It’s either easy or impossible. Salvador Dali
At Birdview PSA we prefer the former. So here’s a little Project Management 101 guide to help you get the basics of project management and avoid common project management mistakes.
Check out these four easy-to-implement project management tips to keep your projects on track:
1. Monitor the Critical Path
Projects inevitably go off course. Rather than let delays make you nervous and disrupt your focus, keep your eye on the big picture by determining a project’s critical path.
A project’s critical path is the shortest possible time in which a project can be completed. Ever heard of the Pareto Principle? 20% of every project will impact 80% of its success.
Determine the all-important 20%, a project’s critical path, by establishing tasks that other tasks of the project depend on. The more dependencies that branch off one task, the more critical that task is to the project. Knowing a project’s critical path allows you to brush off insignificant setbacks and focus on the main contributors to the success of a project.
Monitor the critical path using Gantt Charts to focus on the priorities of the project and ensure they are running smoothly.
2. Keep Track of Hours
Often times this is a habit that quickly falls to the waste side, but there are many benefits in regularly monitoring your team’s work hours. Think of some typical reasons you get stressed on a project: you feel like you rushing against the clock, you missed a deadline and the client is upset, or you’re worried about how your project team is progressing on a task. Those types of stress can be attributed to time and team management problems.
Tracking time on projects provides you with great historical data for your next project. When providing timeline estimates to a client you can compare how long a similar task took in the past and make a more accurate prediction of a reasonable deadline to expect. Team time tracking can be paired with status updates to provide you with a clearer picture of how everything is going with your team.
Encourage a daily submission rule for time logs to improve submission accuracy and keep time tracking up to date. Compare daily time logs against your original timeline to discover initial warning signs of a project going off course and be able to remedy the problem before it creates larger issues.
3. Get Frequent Status Updates
One of the most common mistakes in successful project management is poor team communication. In order to fix issues before they become problems, a good project manager should know his or her team’s status at all times. Create a team culture that rewards daily status updates and doesn’t punish problems that are reported early. A team that is forthcoming with information increases problem-solving efficiency and clarity regarding the status of a project.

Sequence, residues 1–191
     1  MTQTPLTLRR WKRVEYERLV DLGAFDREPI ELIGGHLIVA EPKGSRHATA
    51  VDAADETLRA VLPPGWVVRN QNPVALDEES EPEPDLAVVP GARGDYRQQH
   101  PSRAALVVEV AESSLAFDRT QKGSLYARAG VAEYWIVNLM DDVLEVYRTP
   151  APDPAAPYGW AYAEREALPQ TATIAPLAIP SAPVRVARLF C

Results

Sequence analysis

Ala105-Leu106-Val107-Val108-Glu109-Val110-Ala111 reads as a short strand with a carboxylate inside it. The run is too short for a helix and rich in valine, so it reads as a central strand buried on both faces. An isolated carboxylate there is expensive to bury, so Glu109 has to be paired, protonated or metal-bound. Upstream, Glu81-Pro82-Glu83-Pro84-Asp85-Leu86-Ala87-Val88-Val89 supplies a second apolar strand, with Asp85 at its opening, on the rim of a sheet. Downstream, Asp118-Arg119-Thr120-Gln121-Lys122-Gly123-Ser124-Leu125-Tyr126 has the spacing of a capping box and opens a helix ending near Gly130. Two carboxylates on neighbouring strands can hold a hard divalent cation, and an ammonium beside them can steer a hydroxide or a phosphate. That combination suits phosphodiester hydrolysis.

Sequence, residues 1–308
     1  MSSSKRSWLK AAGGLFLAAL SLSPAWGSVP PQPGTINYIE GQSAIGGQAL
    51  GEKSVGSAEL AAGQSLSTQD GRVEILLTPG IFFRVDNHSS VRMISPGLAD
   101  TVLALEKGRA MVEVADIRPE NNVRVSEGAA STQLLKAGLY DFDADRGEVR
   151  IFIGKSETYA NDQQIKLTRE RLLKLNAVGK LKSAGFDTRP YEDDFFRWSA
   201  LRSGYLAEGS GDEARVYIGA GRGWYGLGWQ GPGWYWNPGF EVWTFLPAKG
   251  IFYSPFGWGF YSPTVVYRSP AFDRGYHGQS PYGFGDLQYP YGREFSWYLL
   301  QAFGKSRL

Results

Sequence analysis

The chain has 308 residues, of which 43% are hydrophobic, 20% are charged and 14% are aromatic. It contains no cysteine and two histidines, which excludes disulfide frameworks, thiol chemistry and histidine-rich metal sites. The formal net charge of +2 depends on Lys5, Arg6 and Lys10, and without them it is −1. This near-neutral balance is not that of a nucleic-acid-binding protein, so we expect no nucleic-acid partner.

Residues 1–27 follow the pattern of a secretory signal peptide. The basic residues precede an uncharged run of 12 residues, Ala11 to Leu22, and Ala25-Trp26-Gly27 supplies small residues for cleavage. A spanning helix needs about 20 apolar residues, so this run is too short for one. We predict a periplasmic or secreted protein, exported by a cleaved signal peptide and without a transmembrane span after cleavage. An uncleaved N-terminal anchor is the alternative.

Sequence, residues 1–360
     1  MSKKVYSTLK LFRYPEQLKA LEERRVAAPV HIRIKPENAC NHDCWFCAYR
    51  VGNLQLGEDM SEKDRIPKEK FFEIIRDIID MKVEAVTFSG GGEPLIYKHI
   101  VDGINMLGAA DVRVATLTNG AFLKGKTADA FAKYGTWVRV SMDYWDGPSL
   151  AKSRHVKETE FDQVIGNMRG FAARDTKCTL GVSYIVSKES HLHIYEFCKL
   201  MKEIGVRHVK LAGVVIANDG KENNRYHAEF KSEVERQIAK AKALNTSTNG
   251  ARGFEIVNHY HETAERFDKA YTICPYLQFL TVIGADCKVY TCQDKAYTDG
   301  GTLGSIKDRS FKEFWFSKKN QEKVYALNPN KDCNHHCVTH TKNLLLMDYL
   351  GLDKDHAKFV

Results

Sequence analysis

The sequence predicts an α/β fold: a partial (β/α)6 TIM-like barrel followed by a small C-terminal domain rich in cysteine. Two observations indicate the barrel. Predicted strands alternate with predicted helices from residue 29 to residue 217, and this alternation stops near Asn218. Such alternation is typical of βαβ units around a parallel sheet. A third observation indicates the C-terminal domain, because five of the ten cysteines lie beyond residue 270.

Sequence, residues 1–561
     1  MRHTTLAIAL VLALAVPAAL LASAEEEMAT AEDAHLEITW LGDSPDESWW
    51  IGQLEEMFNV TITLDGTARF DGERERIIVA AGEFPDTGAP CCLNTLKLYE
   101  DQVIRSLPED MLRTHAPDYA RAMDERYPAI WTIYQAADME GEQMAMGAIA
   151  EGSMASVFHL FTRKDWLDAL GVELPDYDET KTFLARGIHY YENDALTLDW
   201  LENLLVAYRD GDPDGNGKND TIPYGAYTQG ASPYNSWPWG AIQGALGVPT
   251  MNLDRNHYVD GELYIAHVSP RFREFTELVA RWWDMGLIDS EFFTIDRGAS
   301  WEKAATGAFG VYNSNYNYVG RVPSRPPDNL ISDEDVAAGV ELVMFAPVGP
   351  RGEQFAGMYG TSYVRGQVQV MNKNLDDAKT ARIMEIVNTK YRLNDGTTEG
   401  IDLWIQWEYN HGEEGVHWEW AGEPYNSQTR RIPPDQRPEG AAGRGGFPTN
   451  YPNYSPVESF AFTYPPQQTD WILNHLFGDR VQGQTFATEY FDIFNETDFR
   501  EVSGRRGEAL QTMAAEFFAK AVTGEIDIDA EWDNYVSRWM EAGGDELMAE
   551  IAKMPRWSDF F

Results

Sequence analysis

Collaborate with your team regularly (via email, a phone call, or even a good old-fashioned conversation) and record important project updates in writing so you don’t forget. Store all project-related documents in one place for easy access and reference. Hunting through your inbox for random files not only wastes time but also increases the likelihood of losing or forgetting important information.
4. Correspond Regularly with Clients
Corresponding regularly with your client is as important as corresponding regularly with your team. A client in the know is a happy client. Provide them with project updates before they ask.
Keep them in the loop and let them see the process so they feel confident the project is progressing the way they envisioned. Remember, it’s okay to tell a customer that there is a problem, as long as it’s not at the last moment.
Borrow from Agile methodology even for non-software projects and share intermediate results to seek feedback. That way, if a problem comes up somewhere down the line like a deadline looking like it will be missed the customer won’t be shocked because they will have already known that the timeline might be too short. Write updates, and attach project files and links in the message board to stay on the same page.